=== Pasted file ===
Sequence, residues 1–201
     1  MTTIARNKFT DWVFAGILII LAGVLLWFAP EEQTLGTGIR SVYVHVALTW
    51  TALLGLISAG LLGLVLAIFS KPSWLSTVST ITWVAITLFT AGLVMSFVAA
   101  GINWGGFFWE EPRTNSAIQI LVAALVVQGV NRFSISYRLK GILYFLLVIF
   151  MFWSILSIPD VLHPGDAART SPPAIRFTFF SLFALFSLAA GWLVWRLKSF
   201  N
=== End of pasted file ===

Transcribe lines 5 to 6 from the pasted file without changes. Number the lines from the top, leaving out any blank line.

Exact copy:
   151  MFWSILSIPD VLHPGDAART SPPAIRFTFF SLFALFSLAA GWLVWRLKSF
   201  N